Canadian transportation giant Bombardier (TSE:BBD.A)(TSE:BBD.B)(OTCQX:BDRBF) said late yesterday it is issuing $750 million in new equity through an offering of subscription receipts. The move comes a week after the company said the cost of developing its new C-Series jet has jumped to US$5.4 billion from US$4.23 billion a year ago.
Bombardier will issue, on a bought deal basis, 339.37 million subscription receipts at a price of C$2.21 apiece, exchangeable for Class B shares of the company. The company has also granted the underwriters, led by National Bank Financial, an option to purchase up to an additional 50.9 million subscription receipts at any time up to 30 days after closing of the offering.
The financing, which is still subject to regulatory approvals, is expected to close around February 27.
Bombardier said certain members of the Bombardier family will contribute about US$50 million to the offering. The new funds will be used to supplement the company's working capital, and for general corporate purposes, it added.
Earlier this month, the struggling Canadian plane and train maker replaced its leadership, suspended its dividends, and unveiled plans to raise more than $2 billion in equity and debt, while reporting a fourth-quarter loss. Alain Bellemare, a former United Technologies executive, became the new CEO, replacing Pierre Beaudoin, who has become executive chairman.
Pierre Beaudoin's father, Laurent Beaudoin, who led the company for more than 30 years, retired as chairman. Bellemare is only the second outsider to run the family-controlled company since Bombardier began operating in 1942 as a maker of snowmobiles in rural Quebec.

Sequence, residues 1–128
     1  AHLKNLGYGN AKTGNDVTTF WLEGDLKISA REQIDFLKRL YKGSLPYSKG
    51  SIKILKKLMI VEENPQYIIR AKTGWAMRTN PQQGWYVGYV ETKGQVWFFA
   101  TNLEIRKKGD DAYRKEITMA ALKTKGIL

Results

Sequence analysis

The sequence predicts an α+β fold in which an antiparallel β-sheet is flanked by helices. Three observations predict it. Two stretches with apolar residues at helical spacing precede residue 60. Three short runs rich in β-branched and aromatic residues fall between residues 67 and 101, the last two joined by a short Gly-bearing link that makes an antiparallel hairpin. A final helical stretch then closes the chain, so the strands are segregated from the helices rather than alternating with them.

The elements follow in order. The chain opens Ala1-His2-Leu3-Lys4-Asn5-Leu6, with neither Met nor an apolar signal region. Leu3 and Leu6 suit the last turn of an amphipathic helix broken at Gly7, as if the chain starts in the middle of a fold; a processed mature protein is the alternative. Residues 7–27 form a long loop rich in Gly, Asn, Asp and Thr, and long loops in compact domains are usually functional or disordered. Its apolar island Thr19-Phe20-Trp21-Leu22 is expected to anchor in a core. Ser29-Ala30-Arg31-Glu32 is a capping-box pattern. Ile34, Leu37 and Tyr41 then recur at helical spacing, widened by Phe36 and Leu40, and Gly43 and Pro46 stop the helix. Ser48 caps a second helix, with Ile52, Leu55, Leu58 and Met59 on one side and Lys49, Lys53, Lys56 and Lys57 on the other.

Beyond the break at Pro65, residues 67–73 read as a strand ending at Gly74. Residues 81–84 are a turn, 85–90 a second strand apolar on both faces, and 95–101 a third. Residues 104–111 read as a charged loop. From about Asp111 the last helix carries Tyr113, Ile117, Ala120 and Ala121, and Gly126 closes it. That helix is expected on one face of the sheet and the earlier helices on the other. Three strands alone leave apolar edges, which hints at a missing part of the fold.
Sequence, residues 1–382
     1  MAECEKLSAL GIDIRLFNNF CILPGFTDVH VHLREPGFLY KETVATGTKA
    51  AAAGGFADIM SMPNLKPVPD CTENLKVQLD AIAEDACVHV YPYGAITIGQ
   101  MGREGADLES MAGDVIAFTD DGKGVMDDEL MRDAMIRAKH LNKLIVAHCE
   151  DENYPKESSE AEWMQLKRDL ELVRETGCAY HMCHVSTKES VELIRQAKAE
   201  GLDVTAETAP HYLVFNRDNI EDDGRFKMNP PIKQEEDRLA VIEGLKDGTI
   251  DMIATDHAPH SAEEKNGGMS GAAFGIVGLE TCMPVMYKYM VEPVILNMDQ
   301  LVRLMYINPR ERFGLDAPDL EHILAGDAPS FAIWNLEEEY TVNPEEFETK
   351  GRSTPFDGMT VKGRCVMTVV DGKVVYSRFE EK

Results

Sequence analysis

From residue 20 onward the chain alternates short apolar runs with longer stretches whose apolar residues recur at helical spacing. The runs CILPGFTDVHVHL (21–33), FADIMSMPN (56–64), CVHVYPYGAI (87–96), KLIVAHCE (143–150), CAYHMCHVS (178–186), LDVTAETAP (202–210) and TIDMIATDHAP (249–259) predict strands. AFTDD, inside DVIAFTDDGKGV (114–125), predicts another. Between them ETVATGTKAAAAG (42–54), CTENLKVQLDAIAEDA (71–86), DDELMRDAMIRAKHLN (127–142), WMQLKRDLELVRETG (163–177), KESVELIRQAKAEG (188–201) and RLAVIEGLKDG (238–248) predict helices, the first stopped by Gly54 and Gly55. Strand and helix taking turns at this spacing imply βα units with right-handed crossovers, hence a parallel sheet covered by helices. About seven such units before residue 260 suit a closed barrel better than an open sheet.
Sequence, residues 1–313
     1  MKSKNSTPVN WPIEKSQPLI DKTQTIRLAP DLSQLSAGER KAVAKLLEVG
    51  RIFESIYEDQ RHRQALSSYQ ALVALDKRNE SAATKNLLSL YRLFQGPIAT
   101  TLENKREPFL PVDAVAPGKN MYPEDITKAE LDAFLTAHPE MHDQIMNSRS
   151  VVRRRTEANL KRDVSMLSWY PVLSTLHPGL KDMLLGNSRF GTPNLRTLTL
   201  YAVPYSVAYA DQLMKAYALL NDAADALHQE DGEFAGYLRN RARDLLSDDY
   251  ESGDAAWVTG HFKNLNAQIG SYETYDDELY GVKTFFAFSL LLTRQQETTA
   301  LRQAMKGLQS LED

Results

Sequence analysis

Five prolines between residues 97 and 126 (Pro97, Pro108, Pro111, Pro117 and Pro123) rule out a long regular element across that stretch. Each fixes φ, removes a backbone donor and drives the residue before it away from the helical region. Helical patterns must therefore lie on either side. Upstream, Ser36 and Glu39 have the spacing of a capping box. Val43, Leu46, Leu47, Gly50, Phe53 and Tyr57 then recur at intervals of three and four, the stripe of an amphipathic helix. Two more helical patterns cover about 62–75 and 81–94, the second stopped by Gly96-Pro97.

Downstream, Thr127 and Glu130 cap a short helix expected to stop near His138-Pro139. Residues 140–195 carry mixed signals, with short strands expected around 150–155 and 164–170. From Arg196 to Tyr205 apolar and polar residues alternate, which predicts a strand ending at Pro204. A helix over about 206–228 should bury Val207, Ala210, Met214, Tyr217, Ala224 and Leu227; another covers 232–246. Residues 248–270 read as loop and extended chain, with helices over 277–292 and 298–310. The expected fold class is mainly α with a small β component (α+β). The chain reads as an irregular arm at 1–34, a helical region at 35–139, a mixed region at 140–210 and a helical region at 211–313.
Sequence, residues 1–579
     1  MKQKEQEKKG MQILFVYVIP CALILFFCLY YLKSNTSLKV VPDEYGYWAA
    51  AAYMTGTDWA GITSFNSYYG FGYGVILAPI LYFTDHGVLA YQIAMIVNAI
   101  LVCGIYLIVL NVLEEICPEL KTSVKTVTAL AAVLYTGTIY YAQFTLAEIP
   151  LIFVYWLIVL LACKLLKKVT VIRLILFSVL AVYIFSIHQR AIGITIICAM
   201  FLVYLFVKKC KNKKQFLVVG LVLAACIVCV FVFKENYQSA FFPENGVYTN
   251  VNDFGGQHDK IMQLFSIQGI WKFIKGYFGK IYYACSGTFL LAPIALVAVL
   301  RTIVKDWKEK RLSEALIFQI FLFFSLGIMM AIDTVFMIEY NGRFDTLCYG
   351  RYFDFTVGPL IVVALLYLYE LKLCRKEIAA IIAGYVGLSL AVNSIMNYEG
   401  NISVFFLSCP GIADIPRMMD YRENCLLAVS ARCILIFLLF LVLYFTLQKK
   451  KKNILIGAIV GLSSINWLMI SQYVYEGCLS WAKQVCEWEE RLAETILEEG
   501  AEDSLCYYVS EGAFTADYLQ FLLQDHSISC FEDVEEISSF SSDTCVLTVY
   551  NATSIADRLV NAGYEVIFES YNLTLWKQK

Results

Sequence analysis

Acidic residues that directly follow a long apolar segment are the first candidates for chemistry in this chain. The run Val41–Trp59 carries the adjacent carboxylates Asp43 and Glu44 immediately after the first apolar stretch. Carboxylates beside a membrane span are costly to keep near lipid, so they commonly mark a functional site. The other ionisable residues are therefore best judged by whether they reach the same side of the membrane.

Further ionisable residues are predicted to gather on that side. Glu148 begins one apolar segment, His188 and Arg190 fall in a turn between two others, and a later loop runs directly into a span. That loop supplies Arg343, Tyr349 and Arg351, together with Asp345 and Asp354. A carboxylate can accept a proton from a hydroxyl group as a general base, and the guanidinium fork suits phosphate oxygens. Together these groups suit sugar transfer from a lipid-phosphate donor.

The CEO change and capital-raising moves underscore the pressure on Bombardier from the CSeries, a capital intensive program that has become a make-or-break project. Worries have increased over Bombardier’s ability to meet its timetable to launch its new C Series jet by the end of 2015. The aircraft is meant to compete with aerospace titans Boeing Co. and Airbus in the 100-plus seat category, but it has been marred by delays and technical hurdles.
Bombardier reported a fourth-quarter loss due to a $1.4 billion charge relating to its decision to suspend development of a new Learjet model, announced last month. Net loss was $1.6 billion, or $0.92 per share, in the October-to-December quarter, compared to a profit of $97 million, or $0.05 per share, in the same period a year earlier. Free cash flow in the quarter, which is traditionally Bombardier’s strongest period for plane deliveries, fell to $590 million from $771 million a year earlier.
Class B shares of Bombardier fell over 2 percent to C$2.40 on Friday morning. The stock is down more than 42 percent year-to-date.